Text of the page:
The truth is, however, the effects of Covid-19 will be felt for several more years and many of our new behavioural habits may be here to stay.
This creates uncertainty and challenges for the economy – at a global, national and regional level. Our town and city centres are a key focal point of these challenges. Following a decade of change driven by the rise of online shopping and environmental concerns, Covid-19 has added another element of complexity.
Never before has the question of what our urban centres are used for, and how they should adapt, been more pertinent. None of us has a crystal ball to predict the future, but some patterns are clearly emerging and we need look forward and tackle these challenges with confidence.
For Sheffield, footfall in our city centre has been steadily increasing in recent months. This shows us that our urban centres still have an important role to play, serving as dynamic commercial, transport, civic and cultural hubs. It is human nature to want to gather – to share ideas, opinions, opportunities and experiences.
While Covid-19 has prevented this, it has highlighted the previously overlooked value of being where others are, both to our mental wellness and business innovation. That is why I truly believe that we must continue to drive forward exciting regeneration projects. Hitting the pause button on schemes, such as our £470m Heart of the City flagship project, would only ensure that any economic downturn lasts longer.
The good news is that Covid-19 appears to have accelerated trends that were already apparent – trends that we, along with our Strategic Development Partner, Queensberry, have based Heart of the City around. Across the UK, we need to improve the environment, livability and flexibility of our town and city centres – enhancing how people access them as well as the use of public spaces.
If each town and city can get this place-making right, in a way that relates to their own location and heritage, we can create a sustainable platform to help the local economy grow again – boosting local spend, creating good jobs, attracting high-quality employers and retaining talent.
With Heart of the City, we have a strong plan – one that renews and repurposes existing buildings and is integrated within the existing fabric of the city centre. Even during the pandemic, we have agreed a new 20-year lease with John Lewis – securing arguably the UK’s leading retail brand, and signed up Radisson Blu – adding another flagship hotel to help us attract more inward investment opportunities.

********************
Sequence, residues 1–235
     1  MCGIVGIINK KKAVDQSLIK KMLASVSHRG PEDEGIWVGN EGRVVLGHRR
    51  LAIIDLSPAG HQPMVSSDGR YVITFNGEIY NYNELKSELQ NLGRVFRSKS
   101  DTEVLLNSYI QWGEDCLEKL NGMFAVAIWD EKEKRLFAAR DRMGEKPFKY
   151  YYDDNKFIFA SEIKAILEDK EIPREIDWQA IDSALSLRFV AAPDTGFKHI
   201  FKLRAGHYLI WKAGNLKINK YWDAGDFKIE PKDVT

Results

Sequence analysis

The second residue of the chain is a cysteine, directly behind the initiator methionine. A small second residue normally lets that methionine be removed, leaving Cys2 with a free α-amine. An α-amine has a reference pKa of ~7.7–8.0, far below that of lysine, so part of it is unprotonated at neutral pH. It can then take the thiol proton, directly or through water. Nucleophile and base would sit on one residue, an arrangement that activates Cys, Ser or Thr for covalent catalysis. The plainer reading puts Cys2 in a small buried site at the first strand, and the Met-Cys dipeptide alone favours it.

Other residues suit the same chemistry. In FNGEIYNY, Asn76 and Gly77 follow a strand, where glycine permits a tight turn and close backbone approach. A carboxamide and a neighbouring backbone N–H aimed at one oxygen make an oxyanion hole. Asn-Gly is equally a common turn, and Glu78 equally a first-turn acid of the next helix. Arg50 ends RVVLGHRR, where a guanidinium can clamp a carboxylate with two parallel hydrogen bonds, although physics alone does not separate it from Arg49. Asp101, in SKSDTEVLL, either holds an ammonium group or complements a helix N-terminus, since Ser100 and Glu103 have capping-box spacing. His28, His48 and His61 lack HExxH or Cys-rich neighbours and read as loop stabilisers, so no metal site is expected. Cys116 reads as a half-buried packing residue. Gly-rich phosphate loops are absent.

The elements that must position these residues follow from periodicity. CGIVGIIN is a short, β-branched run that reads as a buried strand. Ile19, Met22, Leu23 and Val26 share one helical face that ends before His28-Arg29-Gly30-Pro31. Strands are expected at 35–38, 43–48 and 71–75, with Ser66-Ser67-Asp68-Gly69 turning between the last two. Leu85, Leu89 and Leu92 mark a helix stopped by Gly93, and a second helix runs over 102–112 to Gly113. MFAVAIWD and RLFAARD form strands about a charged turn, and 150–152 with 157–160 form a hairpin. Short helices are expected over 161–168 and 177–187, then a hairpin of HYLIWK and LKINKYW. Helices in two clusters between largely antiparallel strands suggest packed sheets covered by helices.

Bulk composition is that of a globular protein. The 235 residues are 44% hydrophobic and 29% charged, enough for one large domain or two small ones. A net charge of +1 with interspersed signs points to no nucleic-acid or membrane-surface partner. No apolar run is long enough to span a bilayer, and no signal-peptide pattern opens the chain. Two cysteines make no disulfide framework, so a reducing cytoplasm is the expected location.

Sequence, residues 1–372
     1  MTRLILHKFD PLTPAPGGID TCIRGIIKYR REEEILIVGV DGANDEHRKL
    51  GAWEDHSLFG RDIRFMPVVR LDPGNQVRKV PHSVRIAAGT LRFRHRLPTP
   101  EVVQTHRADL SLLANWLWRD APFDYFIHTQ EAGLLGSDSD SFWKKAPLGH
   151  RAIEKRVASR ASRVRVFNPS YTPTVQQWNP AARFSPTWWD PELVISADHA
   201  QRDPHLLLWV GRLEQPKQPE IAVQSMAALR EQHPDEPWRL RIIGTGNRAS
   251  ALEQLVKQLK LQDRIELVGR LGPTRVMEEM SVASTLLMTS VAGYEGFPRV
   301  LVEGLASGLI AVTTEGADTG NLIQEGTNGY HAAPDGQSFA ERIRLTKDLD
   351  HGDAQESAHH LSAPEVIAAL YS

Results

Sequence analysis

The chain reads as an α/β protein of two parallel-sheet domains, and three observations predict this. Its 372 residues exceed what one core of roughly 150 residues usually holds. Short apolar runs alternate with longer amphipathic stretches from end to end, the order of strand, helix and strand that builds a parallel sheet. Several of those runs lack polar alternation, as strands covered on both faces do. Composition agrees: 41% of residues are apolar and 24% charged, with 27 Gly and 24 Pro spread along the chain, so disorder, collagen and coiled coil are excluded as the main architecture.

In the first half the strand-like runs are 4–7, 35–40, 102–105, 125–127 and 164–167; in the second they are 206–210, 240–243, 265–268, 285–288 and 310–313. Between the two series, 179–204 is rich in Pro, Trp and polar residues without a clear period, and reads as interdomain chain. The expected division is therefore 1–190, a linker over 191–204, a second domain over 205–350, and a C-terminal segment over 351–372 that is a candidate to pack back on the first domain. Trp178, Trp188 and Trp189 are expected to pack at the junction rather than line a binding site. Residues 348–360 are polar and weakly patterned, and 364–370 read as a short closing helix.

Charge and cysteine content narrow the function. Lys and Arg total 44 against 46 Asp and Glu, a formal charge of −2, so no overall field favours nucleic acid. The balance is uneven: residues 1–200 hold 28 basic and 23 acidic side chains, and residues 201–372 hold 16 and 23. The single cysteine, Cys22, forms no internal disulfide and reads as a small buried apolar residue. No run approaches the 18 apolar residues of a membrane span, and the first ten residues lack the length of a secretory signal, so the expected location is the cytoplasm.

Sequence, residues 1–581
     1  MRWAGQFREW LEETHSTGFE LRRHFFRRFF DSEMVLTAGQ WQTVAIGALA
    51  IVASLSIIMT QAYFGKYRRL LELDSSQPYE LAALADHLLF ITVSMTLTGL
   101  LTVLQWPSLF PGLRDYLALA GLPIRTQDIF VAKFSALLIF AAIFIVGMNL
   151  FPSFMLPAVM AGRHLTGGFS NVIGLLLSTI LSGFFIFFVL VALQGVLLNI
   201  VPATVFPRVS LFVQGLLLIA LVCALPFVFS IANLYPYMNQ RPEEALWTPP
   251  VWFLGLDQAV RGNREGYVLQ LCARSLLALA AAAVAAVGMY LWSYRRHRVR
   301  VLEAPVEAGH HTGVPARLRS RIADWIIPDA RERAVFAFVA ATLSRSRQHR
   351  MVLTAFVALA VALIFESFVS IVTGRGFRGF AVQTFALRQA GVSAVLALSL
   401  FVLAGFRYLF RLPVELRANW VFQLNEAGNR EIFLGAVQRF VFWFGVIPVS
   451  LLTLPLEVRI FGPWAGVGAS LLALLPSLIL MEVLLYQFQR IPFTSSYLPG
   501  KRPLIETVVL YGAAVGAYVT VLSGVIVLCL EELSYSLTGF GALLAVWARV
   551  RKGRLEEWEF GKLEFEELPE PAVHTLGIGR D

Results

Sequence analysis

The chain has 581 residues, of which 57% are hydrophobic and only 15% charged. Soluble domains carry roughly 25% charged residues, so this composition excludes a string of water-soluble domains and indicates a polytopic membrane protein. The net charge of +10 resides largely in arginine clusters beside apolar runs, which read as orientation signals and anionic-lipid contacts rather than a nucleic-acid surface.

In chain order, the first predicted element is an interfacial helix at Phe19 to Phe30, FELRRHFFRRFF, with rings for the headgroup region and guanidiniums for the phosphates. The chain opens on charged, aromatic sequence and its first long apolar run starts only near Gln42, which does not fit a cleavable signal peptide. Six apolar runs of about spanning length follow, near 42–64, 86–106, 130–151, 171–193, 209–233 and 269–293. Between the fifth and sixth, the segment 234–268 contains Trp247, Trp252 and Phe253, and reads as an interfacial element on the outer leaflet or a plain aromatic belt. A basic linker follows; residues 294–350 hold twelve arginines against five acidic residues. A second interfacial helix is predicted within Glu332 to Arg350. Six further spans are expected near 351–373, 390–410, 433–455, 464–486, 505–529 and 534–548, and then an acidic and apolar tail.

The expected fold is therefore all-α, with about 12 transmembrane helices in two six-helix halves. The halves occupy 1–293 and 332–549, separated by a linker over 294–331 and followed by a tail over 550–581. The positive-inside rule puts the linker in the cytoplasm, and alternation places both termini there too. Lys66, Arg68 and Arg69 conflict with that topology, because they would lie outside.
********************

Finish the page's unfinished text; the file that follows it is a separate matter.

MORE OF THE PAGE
International law firm CMS is set to join HSBC in the world class Grosvenor House office later this year, giving us a recognisable commercial district right in the heart of the city centre for the first time and broadening our employment base. Plans have also been approved for the city centre’s first zero-carbon ready office, which will contribute to our zero-carbon ambitions.
Naturally, the council and I get asked about retail a lot, and whether it has a future on our high streets. It absolutely does, in my opinion. However, it cannot exist in a vacuum like it once did. You now need retail, leisure, office, residential and hospitality to collectively form an ecosystem – each can flourish if the other is strong.
What has also become very apparent during this pandemic is the importance of public spaces within our town and city centres. These contribute greatly to people’s health and wellbeing. They provide a respite within our busy urban environments.
It is something that Sheffield has done well for many years. We see outdoor and open public space not as a cost, but as an investment into the Sheffield brand. If anything, Covid-19 has only reinforced our beliefs in this area.
Our aim is to ‘‘Bring the Outdoor City into the City’’. We have already started transforming redundant city centre road space into areas of greenery. We are delivering an ambitious plan to improve air quality in and around the city centre, and while improving public spaces, we will also ensure our city centre will deliver a new benchmark in the quality of walking and cycling infrastructure.
For Sheffield, and other towns and cities, all these elements and trends are not only important during Covid-19, but they will help us shape the future of our urban centres and allow us to face the world ahead confidently and successfully.
Mazher Iqbal is a Labour councillor and Sheffield City Council’s Cabinet Member for Business and Investment.
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